The Olympia was packed on Tuesday night. Duke Special was topping the bill in a Dublin gig for the first time and his assembled fans loved every moment. Not knowing a thing about him, though someone from Belfast with dreadlocks had at least to be untypical, it turned out to be a great night’s entertainment.
Cashier 9 opened the support, playing when the crowd was still arriving and probably with their minds on other things, not least a BBC Radio 2 performance on 8th December. They had hardly left the stage when an unlikely procession appeared through a side door. A home made placard declared “The Lowly Knights” and a twelve piece a capella and folk rock group launched into song in the middle of the floor. This was a very different evening from going to watch the self obsessed characters who often take to the stage. The Knights were followed by guitarist and singer Paul Pilot (sorry, no link), who was without a backing singer for one of the songs, so Duke Special appeared to do backing vocals, to the delight of the crowd. At the end of the act, The Lowly Knights appeared again for a couple more numbers. Finally, Duke Special appeared, with his unique ensemble of musicians, the percussionist Temperance Society Chip Bailey is as distinctive an artist as one is likely to encounter.
What made the evening so memorable? Maybe the breadth of Duke Special’s music, which defies categorisation – slipping from vaudeville to soul to ska to ballads, and encountering a few other styles on the way there and back again- but there was something more.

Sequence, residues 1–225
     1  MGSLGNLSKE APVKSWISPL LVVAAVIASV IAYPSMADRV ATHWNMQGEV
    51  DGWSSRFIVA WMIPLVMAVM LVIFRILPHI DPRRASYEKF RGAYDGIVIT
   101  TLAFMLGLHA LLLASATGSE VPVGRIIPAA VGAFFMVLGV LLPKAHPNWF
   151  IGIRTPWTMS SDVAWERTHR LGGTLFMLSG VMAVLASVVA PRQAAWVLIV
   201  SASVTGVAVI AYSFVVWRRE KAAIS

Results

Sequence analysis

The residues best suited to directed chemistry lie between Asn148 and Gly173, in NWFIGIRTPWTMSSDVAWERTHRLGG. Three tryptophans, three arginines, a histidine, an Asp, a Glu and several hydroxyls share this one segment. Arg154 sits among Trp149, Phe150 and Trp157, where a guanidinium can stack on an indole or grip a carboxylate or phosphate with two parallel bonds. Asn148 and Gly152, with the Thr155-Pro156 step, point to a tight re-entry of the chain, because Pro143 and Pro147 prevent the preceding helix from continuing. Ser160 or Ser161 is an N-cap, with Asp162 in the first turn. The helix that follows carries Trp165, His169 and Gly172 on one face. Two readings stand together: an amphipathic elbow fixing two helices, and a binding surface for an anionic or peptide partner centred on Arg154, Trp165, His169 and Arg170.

Our daughter delights in things she describes as “random”; things out of the ordinary, things that maybe express individuality and creativity. Why does Duke Special do half the stuff he does? Why did he sing one song standing on a chair? Why was his keyboard player dressed as a mummy with a bow tie, dark glasses and trilby hat? Why did the double bass player dress as an undertaker and the drummer as a detective? And that’s before one attempts to define Temperance. Maybe they don’t even have an explanation themselves; maybe it’s about creating an identity, about establishing your own mark, about being unafraid of the imagination. It was an excellent evening; unpredictable, undefinable, unashamedly fun.
On reflection, there seemed a lesson the church might learn.
We were never allowed randomness. The wearing of the black cassock at church services was, we were told, to eliminate individuality. Even now, when I suggest that students training for ordination put expression into leading worship and maybe explain the odd thing, I am told by someone who knows about such things that I am “over-determining the liturgy”. What’s that mean? Don’t ask me.
We have not gone much beyond the thinking that undergirded the Latin Mass, the defence for which was that it was the same everywhere. We do the predictable, and, as anyone who has to listen to me will know, we do the dull. In a post-modern culture, where the random is the ordinary, we still think guitars and drums are being contemporary, and we think that we will survive by staying in the 1950s.
What would Jesus do? I suspect he’d be asking the price of a ticket for the next gig.